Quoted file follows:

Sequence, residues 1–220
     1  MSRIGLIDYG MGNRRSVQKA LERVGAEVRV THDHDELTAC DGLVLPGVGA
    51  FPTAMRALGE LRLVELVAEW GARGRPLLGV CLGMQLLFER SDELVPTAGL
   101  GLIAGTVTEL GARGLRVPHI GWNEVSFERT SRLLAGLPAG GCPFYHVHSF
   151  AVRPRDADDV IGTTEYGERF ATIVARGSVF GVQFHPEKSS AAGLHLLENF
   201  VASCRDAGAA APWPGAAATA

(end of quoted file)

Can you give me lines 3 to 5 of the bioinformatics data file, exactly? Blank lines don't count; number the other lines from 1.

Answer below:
    51  FPTAMRALGE LRLVELVAEW GARGRPLLGV CLGMQLLFER SDELVPTAGL
   101  GLIAGTVTEL GARGLRVPHI GWNEVSFERT SRLLAGLPAG GCPFYHVHSF
   151  AVRPRDADDV IGTTEYGERF ATIVARGSVF GVQFHPEKSS AAGLHLLENF